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Comment Re:That may be true, but the judge couldn't delay (Score 2, Interesting) 107

It's true that the vast majority of people that lived in ancient times lived and died in obscurity.

It's not true, however, that the Jesus of the fables was just another regular Joe that we would expect no one outside of his circle of followers to have taken notice of. Plenty of people that would have been less famous even then were nonetheless mentioned in some surviving document written by a contemporary. It seems awfully strange that a man who did signs and wonders, who astounded and confounded the wise and powerful, who fed multitudes in a miraculous fashion and so forth and so on, wouldnt show up as such in the historial record until roughly a century after his death.

By itself this is not conclusive either way, but it certainly doesnt strengthen the case for a historical Jesus. Not by itself.

Comment Re:The Constitution is clear on this (Score 2) 107

There is no provision in the US Constitution for Martial Law - a most inconvenient fact for those who wish to wield that power. As a result, they have traditionally taken to citing I:9, which does permit Congress to suspend Habeas Corpus in case of "rebellion or invasion." Since suspending Habeas Corpus and imposing Martial Law are kind of related it has been cited in this context.

The only case law on it I can recall is ex Parte Milligan, where the Supreme Court rationalised a power to declare martial law, yet still ruled that it was inherently unconstitutional to do so in any area where legitimate civilian courts were open and functioning, and therefore ruled against the government anyway. By that precedent I think Congress would have to declare it, and it would only be valid in areas where the civilian courts and authority had already been destroyed or rendered inoperable in one way or another, and only as long as there was a rebellion or invasion in progress as well.

Synopsis from memory, do your own research etc.

Comment Re:Where was Ron Paul? (Score 1) 362

I provided a link which you clearly did not actually watch. The pattern is clear. You have made up your mind without knowing any relevant facts, and you arent about to let any of those facts into your mind now. Posting facts, links, or arguments for you is a waste of time, you will simply reply with your preset slogans regardless.

Comment Re:Right of asylum cannot be assumed (Score 4, Informative) 650

Why is it worth reading? Did you check their assertions? The link they describe with "he's loudly trumpeting the moral superiority of the Putin government" only leads to him very briefly thanking the Russians, among others, who did not simply deny his asylum appeal without consideration. I dont see any 'trumpeting' at all, and I have no reason to expect the rest of this link-heavy screed actually supports its conclusions either.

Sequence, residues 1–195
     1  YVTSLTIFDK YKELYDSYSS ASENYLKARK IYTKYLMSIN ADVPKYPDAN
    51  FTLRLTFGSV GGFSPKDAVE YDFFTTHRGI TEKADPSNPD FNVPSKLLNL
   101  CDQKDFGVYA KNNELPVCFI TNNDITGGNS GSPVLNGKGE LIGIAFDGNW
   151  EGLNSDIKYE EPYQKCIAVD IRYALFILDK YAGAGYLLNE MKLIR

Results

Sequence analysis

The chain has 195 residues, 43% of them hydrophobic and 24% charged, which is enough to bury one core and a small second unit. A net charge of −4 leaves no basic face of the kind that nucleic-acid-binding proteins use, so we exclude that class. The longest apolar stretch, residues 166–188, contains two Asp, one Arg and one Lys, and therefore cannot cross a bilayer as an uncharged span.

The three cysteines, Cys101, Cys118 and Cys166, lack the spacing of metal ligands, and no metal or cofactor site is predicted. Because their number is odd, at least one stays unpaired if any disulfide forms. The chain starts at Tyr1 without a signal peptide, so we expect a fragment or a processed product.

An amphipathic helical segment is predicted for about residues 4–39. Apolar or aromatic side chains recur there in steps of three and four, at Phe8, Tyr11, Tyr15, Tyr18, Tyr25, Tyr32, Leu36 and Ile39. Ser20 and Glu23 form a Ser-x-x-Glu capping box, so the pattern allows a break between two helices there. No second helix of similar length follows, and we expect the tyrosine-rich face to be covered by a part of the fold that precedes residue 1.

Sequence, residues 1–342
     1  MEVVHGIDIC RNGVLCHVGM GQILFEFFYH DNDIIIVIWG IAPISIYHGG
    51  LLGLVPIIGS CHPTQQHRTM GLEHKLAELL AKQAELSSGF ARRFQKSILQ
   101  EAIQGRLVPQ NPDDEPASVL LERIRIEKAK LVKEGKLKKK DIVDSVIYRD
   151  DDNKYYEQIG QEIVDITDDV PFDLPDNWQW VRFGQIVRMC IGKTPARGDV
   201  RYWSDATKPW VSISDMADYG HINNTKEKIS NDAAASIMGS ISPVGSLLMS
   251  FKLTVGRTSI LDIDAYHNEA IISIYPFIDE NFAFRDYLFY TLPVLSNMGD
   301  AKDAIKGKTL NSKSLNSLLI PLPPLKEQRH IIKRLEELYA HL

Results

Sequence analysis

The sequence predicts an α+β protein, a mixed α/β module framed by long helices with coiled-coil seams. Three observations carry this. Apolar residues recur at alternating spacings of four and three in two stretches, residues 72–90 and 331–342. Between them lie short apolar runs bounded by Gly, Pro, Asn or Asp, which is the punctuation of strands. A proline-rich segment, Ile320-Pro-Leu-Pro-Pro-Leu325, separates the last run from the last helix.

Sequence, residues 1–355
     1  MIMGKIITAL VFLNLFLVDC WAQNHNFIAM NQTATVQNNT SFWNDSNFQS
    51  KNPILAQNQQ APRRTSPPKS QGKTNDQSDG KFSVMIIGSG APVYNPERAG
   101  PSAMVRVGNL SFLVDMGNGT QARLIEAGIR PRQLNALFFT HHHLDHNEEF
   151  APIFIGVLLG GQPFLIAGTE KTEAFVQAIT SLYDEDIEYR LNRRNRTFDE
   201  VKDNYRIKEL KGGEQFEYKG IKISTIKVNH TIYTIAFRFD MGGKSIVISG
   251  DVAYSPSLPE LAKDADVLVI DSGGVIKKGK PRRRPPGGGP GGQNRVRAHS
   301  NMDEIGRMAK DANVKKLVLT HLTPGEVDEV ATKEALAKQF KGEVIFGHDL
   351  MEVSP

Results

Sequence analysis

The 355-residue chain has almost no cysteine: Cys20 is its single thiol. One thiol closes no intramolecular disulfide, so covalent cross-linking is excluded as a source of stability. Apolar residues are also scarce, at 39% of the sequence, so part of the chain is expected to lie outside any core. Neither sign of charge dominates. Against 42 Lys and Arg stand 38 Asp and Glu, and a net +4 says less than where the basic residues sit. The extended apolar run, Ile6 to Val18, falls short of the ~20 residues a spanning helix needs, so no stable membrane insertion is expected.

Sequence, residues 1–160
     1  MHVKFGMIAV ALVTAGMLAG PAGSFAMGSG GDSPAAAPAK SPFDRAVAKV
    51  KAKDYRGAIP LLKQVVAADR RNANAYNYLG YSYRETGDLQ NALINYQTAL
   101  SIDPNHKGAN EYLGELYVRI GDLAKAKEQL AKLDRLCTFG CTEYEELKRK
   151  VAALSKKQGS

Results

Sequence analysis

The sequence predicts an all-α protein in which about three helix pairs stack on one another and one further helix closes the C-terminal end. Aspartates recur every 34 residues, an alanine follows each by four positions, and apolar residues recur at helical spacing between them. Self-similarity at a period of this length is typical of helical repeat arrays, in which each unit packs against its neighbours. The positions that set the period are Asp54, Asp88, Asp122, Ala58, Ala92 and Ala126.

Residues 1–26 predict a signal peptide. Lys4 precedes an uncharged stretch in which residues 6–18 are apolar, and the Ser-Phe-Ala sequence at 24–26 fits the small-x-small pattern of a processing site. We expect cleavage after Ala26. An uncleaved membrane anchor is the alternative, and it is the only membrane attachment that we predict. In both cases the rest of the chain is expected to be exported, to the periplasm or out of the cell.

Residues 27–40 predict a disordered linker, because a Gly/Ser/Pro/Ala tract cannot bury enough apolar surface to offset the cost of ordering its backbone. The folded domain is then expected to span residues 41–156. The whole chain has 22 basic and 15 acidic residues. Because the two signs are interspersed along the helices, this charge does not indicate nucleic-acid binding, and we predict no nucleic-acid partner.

Comment Re:What the hell Slashdot? (Score 2) 58

So that's what it is eh?

Causes me no problem on the front page. When I loaded the article I said 'oh, what's this, they are trying to load flash, wtf now? And I was spared seeing this awful bunch of crud that everyone is complaining about because this is not one of the handful of sites I trust to run javascript, let alone flash.

I'm not surprised though. They've been publishing broken links for years now, and they get away with that, why not the next level?

Comment Re:Where was Ron Paul? (Score 1) 362

Funny how you know so much about him you feel qualified to sit here and spout multiple paragraphs of bile about his supposed activities, yet you dont have the slightest clue what he actually did.

Here's a list of the representatives that Paul managed to bring together: Lynn Woolsey, Barbara Lee, Dennis Kucinich, Maxine Waters, Jim McGovern, John Conyers (DEMOCRAT) Walter Jones, John Duncan, Justin Amash (REPUBLICAN). You might notice a few names on there that were also important in todays vote from both sides of that list. You might also notice quite a few Democrats in both places as well.

You might try to actually do a little research on a person before you start calling them names in public. Or you might prefer to continue to be rude, petty, and ignorant. Your choice.

Comment Re:Still don't get it... (Score 3, Interesting) 362

It's interesting someone brought up COINTELPRO. The contrast between COINTELPRO and Watergate is instructive. Watergate took down one President who had gone too far - NOT in acting against, and lying to, the American people, but in acting against the other powerful faction in DC. That got reported and everyone has heard of it.

COINTELPRO was much, much worse, it was decades of continuous criminal action. But it was targeted at the people, rather than against a faction of the ruling class. Mainstream media has studiously ignored it more than not, many people have never even heard of it, and those who have mostly have no real idea what it involved.

The rot in this country isnt new, it's been rotting for quite awhile now, it's just that we are finally reaching the point where average folks can no longer avoid being aware of it.

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